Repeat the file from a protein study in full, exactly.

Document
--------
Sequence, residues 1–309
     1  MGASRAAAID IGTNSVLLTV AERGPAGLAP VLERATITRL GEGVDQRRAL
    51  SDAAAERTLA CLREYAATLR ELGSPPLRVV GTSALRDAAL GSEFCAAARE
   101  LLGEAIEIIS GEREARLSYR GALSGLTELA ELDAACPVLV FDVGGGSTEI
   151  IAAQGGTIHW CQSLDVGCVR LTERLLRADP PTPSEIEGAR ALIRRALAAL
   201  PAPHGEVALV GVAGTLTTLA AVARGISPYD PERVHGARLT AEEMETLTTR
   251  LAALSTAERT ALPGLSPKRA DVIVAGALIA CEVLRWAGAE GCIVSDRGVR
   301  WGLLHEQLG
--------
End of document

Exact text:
Sequence, residues 1–309
     1  MGASRAAAID IGTNSVLLTV AERGPAGLAP VLERATITRL GEGVDQRRAL
    51  SDAAAERTLA CLREYAATLR ELGSPPLRVV GTSALRDAAL GSEFCAAARE
   101  LLGEAIEIIS GEREARLSYR GALSGLTELA ELDAACPVLV FDVGGGSTEI
   151  IAAQGGTIHW CQSLDVGCVR LTERLLRADP PTPSEIEGAR ALIRRALAAL
   201  PAPHGEVALV GVAGTLTTLA AVARGISPYD PERVHGARLT AEEMETLTTR
   251  LAALSTAERT ALPGLSPKRA DVIVAGALIA CEVLRWAGAE GCIVSDRGVR
   301  WGLLHEQLG